SDG6 – United Nations – Water for all

Without PPP no 821250 Million liters of Water to meet SDG6

By Jan van Schoonhoven – The numbers are staggering; according to the United Nations latest count: 750 million people lack access to drinking water. Sustainable Development Goal number 6 strives for water for all; realizing that the challenge is enormous.

The problem is clear?

Under the guidance of the UN many organizations are discussing the magnitude of the problem and in many cases point to the private sector. A short internet survey brought up over 200 reports on the current challenges, the number of people, the financing gap, and the countries in need and the effect it has on people and economy; the same survey gave no real report on how to solve the issue. The challenge the world is facing today is not the problem of why water for all is important; enough is said about that. The real challenge is to discuss solutions and a shift of thinking of the main organizations to understand the magnitude of the challenge and ways to solve. The current approach is still much talking, small-scale solutions and concentrating on the problem.

What is the actual challenge?

Roughly needed are 821250000000 liters annual for the ambition ‘Water for All’. Looking at the timeframe of the SDG’s, 20 years; 6425000000000 liters or 4,339,025,959,982.6 gallons, not even taking into account the population growth For 750 Million people, a bare minimum of 3 liters of drinking water is needed per person per day. How to visualize: 700 times the water content of het Ijsselmeer of 4000 lake Ontario’s are needed.

What is we would only built water plants?

How do the math’s turn out: an average water plant produces, operational in Africa for example, produces 100 million liters a day. Looking at around 730 million to feed and have a long-term vision and look 20 years ahead; roughly 22500 water plants are necessary. What is the investment needed: A water plan of 750 million liters of water costs around 39 million US$ and again 39 million for maintenance over 20 years; total costs: 1755000 million US$ (1,755 trillion). The countries lacking sufficient drinking water around the world is around a 100, with 25 in immediate need. Each water plant will provide jobs for 100 people during the construction phase and during operation and maintenance it will create around 70 jobs locally and boost SME’s. The same goes for the energy plant as well, With building and adjoined energy pants, water plants we would create around a 3 million long lasting jobs and investment in local enterprises in the countries itself: the SDG’s ‘erase poverty’ and ‘energy for all’ are addressed as well.

But there is good news as well, is presented in a report of the World Health Organization (WHO). The total global economic losses associated with inadequate water supply and sanitation were estimated at US$ 260 billion annually, or 1.5% of Gross Domestic Product of the countries included in this study. The total economic benefits of meeting the MDG target amount to US$ 60 billion annually. The benefits are dominated by sanitation, accounting for US$ 54 billion. The three regions where benefits are greatest are Asia, East Europe and Africa.. Attaining universal sanitation will more than triple the benefits compared with current coverage, to US$ 220 billion annually. PPP and Water? Part of the solution is Public Private Partnerships (PPP). This mainly because water is a typical infrastructure asset that fits very smooth in a Public Private Partnership arrangement. Many examples are operational for years in almost every part of the world. Skipping the details of PPP, a PPP is a long-term contract of an infrastructure asset. This type of contract (life cycle contract) is designed to increase efficiency and output against reasonable cost. Last but not least, it’s a well-known and attractive contract for private investors. Unlock private investment, certainly in energy, has an excellent track record all over the world. The attractiveness of PPP in Water is three folded:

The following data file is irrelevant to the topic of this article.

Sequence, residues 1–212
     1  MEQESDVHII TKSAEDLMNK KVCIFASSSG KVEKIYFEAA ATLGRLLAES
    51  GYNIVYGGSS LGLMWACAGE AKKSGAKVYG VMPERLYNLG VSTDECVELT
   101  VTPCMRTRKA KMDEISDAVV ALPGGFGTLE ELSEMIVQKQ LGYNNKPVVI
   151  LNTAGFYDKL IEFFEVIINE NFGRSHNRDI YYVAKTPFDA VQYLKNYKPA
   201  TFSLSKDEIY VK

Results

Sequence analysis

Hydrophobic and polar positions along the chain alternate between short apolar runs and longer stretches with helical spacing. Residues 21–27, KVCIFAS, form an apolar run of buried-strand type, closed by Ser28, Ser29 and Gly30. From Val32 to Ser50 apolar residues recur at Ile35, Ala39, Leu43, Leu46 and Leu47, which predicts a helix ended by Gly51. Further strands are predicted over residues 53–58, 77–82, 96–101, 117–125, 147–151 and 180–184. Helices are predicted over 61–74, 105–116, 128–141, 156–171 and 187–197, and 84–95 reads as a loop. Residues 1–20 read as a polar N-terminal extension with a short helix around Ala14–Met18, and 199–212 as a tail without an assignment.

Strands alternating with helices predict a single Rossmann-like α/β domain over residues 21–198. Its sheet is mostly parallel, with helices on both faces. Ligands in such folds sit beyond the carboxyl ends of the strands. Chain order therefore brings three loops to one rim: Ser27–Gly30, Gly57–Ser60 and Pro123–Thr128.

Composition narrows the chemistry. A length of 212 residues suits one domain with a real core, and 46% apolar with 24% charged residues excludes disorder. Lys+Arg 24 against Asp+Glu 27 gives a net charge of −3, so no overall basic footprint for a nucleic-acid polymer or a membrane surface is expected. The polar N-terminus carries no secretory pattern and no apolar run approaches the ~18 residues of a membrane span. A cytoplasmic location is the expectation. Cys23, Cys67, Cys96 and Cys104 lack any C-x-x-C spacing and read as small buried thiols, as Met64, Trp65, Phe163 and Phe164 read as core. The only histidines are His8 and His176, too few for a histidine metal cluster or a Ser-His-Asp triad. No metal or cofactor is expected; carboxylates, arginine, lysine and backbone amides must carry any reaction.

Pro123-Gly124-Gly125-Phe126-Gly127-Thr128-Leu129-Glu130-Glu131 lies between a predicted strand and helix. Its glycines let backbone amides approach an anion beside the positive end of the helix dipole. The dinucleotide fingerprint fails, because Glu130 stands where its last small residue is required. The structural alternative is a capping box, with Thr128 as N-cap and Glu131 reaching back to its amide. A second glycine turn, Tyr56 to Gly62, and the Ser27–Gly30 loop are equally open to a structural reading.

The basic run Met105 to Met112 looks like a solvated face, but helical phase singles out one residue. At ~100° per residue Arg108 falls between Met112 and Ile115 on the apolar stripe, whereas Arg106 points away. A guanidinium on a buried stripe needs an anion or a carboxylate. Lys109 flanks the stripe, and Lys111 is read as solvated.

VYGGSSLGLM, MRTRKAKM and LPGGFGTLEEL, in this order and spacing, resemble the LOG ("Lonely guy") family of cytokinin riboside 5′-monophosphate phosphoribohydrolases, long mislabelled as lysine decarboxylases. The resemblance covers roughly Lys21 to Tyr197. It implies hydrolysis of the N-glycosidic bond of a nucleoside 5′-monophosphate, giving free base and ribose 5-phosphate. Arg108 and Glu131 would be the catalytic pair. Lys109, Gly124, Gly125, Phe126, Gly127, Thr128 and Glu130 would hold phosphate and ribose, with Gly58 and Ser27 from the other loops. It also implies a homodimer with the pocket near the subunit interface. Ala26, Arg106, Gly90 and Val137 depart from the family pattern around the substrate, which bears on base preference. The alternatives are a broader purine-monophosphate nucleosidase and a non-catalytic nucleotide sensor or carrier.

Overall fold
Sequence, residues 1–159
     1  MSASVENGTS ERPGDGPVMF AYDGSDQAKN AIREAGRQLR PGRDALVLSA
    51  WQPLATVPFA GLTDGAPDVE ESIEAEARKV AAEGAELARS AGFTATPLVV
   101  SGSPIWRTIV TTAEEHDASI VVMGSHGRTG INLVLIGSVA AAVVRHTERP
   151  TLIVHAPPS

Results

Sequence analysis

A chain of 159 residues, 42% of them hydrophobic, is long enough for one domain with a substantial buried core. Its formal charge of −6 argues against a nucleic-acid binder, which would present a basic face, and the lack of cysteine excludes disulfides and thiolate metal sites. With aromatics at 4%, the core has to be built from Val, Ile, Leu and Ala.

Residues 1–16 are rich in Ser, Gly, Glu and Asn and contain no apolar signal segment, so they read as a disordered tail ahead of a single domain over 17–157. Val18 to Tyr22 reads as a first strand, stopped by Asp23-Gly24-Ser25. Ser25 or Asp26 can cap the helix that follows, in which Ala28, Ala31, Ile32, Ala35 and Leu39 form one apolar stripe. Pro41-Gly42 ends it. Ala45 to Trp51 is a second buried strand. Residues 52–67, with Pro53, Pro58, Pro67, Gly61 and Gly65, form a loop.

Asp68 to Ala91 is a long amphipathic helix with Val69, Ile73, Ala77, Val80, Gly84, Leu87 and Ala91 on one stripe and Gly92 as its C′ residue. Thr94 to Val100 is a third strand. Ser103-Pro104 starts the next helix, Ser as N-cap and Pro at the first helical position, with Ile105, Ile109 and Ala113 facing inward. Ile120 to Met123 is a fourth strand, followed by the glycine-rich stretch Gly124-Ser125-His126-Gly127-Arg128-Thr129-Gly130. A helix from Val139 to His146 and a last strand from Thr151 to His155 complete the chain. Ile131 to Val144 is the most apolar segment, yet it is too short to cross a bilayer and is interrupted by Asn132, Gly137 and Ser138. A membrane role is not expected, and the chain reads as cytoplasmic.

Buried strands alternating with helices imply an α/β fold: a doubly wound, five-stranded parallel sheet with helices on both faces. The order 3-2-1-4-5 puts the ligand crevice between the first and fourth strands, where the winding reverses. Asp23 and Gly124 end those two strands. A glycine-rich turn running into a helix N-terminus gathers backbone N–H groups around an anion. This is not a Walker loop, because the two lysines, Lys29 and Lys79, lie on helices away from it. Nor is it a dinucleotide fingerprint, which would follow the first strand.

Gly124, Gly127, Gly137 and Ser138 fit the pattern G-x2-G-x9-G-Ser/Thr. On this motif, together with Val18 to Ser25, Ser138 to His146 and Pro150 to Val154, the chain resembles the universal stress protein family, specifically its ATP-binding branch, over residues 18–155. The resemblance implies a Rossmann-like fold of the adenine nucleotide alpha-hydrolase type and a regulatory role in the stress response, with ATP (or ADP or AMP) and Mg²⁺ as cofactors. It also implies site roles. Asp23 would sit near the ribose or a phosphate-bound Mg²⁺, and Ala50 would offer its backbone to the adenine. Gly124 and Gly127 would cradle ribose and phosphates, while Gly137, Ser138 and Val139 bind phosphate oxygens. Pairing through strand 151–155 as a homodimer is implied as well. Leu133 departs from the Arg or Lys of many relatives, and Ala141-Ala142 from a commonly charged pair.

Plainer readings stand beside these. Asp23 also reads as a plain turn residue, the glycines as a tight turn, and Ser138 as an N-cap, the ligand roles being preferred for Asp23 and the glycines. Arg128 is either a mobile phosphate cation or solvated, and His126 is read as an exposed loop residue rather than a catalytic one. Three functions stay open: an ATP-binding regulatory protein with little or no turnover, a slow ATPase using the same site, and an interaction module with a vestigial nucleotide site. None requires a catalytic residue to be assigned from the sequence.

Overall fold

• The business model is easy and therefore interesting for private investors;
  • The PPP’s in water focus on efficiency (stop leakage of water for example);
  • It will significant reduce the costs (and price) of water by involving the private sector PPP’s are not the golden solution for all water problems.

Technical challenges present of course, energy, piping, distribution etc. is needed; but just focus on 1.755 Trillion US$. Certainly PPP is not always a solution in very area or very country, for example on Small Island; if there is not enough takeoff. Or the climate change, deserts with no salt water to produce drinking water and (political) border issues will present impossibilities. But again, is only 50% of the water can be produced by this type of PPP it as a major step ahead. A major political hurdle is the acceptance that water is not for free and has its prices, like electricity, fuel and food. Ignoring that fact makes all solutions unbankable and therefore not realistic The above is of course simplified but intended to focus on solutions and more apatite for Public Private Partnerships. The main theme; There’s no substitute for the three liters of water a day, without it people will starve. If the United Nations and the world accept that the solution is ‘only’ an annual 821250 million liters of water as the core of the problem, thing big is the only solution. Hope they had 5 minutes in New York to think about this.

Jan van Schoonhoven is Senior Advisor Infrastructure and PPP Netherlands Government and Former Executive Director UN PPP Centre of Excellence at UNECE.


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